Yes, that’s right.  They’d rather pay enormous sums in filing fees that vastly exceed any royalties payable just to get out of paying royalties at all.  You have a better chance of recovering an old utility deposit from a state unclaimed property office than you have of getting mechanicals once you fall victim to this latest move.

I have been reliably informed that Google, Amazon and Music Reports among others are filing “millions” of “address unknown” NOIs with the Copyright Office based on a database that these companies are purchasing for tens of thousands of dollars from the Library of Congress (remember that the Copyright Office is under the jurisdiction of the Library of Congress).  And by the way–once they file this NOI, they don’t pay royalties until the copyright owner can be identified in the records of the Copyright Office.  Regardless of how easily the copyright owner could be found in other readily accessible databases.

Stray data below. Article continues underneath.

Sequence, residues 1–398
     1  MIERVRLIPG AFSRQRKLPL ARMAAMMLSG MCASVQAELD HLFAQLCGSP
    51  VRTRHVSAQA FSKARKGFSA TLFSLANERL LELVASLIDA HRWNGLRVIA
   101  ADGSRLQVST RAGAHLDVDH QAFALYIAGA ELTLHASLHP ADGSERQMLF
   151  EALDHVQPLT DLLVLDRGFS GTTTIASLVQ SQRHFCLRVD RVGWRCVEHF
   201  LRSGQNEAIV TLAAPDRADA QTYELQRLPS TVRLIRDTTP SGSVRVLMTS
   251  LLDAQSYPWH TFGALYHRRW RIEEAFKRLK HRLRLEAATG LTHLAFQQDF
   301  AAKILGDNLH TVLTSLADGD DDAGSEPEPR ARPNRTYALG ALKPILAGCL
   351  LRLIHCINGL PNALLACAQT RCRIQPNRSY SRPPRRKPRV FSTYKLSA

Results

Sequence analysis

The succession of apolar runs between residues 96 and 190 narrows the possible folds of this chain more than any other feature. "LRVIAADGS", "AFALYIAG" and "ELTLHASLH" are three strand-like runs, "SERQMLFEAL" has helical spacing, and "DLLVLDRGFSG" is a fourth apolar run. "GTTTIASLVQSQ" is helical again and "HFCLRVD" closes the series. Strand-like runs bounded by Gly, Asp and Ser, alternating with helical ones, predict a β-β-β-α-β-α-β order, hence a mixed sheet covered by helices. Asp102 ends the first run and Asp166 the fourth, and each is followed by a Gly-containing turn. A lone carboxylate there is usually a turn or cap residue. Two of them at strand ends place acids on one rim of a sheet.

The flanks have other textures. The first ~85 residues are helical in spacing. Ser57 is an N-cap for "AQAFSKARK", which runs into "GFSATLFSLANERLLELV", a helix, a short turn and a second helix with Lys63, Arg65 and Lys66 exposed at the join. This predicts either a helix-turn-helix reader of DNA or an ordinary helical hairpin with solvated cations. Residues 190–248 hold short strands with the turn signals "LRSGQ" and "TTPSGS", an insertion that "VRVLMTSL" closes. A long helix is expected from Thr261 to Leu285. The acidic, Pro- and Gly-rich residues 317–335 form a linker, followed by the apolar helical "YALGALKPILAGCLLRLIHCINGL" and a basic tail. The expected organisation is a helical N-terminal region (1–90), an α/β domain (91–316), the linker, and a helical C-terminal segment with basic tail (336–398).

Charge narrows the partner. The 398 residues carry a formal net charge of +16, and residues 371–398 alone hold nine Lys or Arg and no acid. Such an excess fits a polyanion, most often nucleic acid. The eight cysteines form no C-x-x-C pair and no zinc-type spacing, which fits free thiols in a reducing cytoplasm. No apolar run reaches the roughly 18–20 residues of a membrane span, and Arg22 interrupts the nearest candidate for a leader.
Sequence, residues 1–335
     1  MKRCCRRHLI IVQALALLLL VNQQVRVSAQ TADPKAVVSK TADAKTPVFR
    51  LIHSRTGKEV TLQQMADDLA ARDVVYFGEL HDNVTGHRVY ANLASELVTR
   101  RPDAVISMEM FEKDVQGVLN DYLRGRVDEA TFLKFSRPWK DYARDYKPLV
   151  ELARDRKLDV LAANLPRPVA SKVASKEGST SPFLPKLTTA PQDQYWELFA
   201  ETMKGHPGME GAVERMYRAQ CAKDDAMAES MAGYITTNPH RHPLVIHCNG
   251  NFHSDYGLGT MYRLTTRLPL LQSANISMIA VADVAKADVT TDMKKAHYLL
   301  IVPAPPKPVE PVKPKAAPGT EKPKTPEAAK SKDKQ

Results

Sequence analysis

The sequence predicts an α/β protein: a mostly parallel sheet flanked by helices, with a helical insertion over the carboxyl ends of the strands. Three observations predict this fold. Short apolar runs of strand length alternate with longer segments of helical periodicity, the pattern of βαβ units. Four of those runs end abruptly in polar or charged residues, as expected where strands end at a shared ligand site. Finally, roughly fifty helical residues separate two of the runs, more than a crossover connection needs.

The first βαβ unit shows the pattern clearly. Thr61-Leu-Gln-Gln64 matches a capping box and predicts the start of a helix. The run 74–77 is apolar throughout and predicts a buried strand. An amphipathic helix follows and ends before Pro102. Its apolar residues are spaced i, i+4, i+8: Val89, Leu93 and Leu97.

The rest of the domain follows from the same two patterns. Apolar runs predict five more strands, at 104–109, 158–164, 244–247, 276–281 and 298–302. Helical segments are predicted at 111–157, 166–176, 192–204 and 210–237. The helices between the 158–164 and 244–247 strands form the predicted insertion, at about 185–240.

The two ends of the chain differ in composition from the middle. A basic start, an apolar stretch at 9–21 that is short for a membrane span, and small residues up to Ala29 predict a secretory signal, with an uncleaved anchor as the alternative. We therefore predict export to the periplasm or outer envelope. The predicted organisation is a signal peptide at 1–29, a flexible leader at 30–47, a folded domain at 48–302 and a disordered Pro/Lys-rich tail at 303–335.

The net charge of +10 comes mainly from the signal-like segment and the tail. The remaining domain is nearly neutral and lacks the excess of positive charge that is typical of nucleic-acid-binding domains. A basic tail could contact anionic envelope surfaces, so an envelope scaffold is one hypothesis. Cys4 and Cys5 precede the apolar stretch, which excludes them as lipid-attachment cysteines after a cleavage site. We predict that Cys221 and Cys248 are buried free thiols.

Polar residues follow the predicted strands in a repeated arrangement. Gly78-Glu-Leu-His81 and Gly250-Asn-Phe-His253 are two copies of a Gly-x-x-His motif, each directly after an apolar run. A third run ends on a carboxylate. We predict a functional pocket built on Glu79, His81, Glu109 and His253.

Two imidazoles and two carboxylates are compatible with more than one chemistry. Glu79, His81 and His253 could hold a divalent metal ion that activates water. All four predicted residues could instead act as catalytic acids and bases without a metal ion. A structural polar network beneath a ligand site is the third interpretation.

Mystified?  I will explain.  Rest assured, you’re not the only one who is surprised.  And remember that bit about the utility deposit, we’ll come back to that one.

As you read this post, remember one thing–it didn’t have to be this way.  This is all happening for the same reason.  Google, Amazon, Spotify, and likely soon Pandora (for its yet-to-be-launched on demand service) are all far more likely to take the legalistic and aggressive route rather than reach out to the songwriting community to work cooperatively to find a solution.